Requirements Elicitation

  1. Define Operational Concept Description (OCD).
    The Operational Concept Description (OCD) describes a proposed system in terms of the user needs it will fulfill, its relationship to existing systems or procedures, and the ways it will be used.
  2. CASE
    Computer-Aided Software Engineering
  3. CDRL
    Contract Data Requirements List
  4. CSCI
    Computer Software Configuration Item
  5. What is the purpose of Requirements Development (RD)?
    The purpose of Requirements Development (RD) is to elicit, analyze, and establish customer, product, and product component requirements
  6. What are the specific practices of Requirements Development (RD)?
    • Specific Practices by Goal
    • 1 Develop Customer Requirements
    • 1.1 Elicit Needs
    • 1.2 Transform Stakeholder Needs into Customer Requirements

    • 2 Develop Product Requirements
    • 2.1 Establish Product and Product Component Requirements
    • 2.2 Allocate Product Component Requirements
    • 2.3 Identify Interface Requirements

    • 3 Analyze and Validate Requirements
    • 3.1 Establish Operational Concepts and Scenarios
    • 3.2 Establish a Definition of Required Functionality and Quality Attributes
    • 3.3 Analyze Requirements
    • 3.4 Analyze Requirements to Achieve Balance
    • 3.5 Validate Requirements
  7. What is the purpose of Requirements Management (REQM)?
    The purpose of Requirements Management (REQM) is to manage requirements of the project’s products and product components and to ensure alignment between those requirements and the project’s plans and work products.
  8. What is a product requirements document (PRD)?
    A product requirements document (PRD) is a document written by a company that defines a product they are making, or the requirements for one or more new features for an existing product.

    A PRD should generally define the problems that a product (or product feature) must solve, but should avoid defining the technical solution to those problems. This distinction allows engineers to use their expertise to provide the optimal solution to the requirements defined in the PRD.
  9. What types of requirements should be included in the PRD?
    Requirements, including:

    • functional requirements
    • usability requirements
    • technical requirements
    • environmental requirements
    • support requirements
    • interaction requirements
  10. What does SRS stand for?
    Software requirements specification (SRS)
  11. What is a Software requirements specification (SRS)?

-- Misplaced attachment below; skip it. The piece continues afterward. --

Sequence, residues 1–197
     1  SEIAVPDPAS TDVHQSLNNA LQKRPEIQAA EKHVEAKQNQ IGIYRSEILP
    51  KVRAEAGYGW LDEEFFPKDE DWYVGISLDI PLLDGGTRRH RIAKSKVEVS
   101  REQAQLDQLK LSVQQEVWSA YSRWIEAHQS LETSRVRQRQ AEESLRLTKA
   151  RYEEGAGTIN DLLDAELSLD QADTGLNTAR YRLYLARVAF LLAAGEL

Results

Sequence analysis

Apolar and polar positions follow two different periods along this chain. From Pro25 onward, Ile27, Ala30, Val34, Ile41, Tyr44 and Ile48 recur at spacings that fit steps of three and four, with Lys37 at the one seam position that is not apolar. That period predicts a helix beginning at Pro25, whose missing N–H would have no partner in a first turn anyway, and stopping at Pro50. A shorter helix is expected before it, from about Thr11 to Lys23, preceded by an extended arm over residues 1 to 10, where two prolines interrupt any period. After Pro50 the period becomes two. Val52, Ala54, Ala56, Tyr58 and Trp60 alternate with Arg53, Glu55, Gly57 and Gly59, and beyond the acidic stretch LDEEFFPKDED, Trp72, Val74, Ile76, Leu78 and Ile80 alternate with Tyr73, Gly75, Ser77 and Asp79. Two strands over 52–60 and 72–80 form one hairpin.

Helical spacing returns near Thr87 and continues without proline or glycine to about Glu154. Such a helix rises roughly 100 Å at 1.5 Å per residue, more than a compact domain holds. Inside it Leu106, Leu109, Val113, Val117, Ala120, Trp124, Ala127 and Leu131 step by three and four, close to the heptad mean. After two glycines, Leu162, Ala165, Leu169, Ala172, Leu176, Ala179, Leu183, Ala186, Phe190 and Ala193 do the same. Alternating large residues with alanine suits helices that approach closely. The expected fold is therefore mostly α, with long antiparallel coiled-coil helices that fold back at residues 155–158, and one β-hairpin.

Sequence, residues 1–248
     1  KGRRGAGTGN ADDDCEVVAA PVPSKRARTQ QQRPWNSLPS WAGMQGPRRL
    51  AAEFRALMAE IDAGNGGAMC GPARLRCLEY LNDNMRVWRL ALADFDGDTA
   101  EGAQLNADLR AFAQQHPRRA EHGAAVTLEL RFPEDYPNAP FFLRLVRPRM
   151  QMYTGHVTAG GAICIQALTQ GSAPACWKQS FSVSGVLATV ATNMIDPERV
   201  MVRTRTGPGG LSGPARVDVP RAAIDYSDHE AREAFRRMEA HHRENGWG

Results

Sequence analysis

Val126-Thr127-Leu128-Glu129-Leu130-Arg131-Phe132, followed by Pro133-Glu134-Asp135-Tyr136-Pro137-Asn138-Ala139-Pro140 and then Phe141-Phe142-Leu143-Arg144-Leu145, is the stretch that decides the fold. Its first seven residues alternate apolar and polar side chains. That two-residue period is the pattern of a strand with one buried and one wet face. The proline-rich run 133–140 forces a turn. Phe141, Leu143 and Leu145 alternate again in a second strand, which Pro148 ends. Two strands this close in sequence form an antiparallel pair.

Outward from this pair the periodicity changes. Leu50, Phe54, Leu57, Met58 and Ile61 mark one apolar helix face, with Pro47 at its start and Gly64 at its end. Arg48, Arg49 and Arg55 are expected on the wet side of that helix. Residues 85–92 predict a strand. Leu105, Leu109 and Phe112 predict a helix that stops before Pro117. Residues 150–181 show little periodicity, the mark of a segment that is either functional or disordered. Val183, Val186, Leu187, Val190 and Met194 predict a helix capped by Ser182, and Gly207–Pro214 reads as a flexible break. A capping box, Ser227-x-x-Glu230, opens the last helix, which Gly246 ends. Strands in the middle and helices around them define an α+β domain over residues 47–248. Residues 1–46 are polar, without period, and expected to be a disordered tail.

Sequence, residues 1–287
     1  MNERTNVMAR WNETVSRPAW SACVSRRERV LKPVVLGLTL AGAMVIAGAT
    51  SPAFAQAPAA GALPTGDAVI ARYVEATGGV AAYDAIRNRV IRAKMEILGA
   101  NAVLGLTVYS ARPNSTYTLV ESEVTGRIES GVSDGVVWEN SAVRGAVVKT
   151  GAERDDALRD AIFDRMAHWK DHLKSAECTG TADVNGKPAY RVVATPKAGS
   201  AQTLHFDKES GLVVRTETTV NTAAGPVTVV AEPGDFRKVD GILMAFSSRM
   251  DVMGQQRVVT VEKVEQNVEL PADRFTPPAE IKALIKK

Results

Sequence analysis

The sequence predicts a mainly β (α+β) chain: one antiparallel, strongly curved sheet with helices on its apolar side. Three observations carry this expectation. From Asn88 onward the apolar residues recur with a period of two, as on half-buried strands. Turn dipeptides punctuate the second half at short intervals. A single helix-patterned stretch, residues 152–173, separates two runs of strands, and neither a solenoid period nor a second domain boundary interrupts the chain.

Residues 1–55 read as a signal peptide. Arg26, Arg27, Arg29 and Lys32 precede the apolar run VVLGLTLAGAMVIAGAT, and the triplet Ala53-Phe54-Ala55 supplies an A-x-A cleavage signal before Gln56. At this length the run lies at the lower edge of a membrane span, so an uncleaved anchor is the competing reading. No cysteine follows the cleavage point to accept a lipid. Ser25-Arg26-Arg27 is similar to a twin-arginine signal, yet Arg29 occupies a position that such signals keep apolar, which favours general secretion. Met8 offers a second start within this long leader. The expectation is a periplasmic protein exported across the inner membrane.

• A Software requirements specification (SRS), a requirements specification for a software system, is a complete description of the behavior of a system to be developed and may include a set of use cases that describe interactions the users will have with the software. In addition it also contains non-functional requirements. Non-functional requirements impose constraints on the design or implementation (such as performance engineering requirements, quality standards, or design constraints) .
    • The software requirements specification document enlists all
    • necessary requirements that are required for the project development.
    • To derive the requirements we need to have clear and thorough understanding of the products to be developed. This is prepared after detailed communications with the project team and customer.
  12. What is requirements elicitation?
    In requirements engineering, requirements elicitation is the practice of collecting the requirements of a system from users, customers and other stakeholders. The practice is also sometimes referred to as requirements gathering.
  13. In requirements elicitation, what indicates problems of scope?
    • The boundary of the system is ill-defined or
    • the customers/users specify unnecessary technical detail that may
    • confuse, rather than clarify, overall system objectives.
  14. What are Goldsmith's 6 steps of requirements elicitation?
    Identify the real problem, opportunity or challenge.

    Identify the current measure(s) which show that the problem is real.

    Identify the goal measure(s) to show the problem has been addressed and the value of meeting it.

    Identify the "as-is" cause(s) of the problem, as it is the causes that must be solved, not the problem directly.

    Define the business "whats" that must be delivered to meet the goal measure(s).

    Specify a product design how to satisfy the real business requirements
  15. What does IRS stand for?
    Interface Requirements Specifications
Card Set
Requirements Elicitation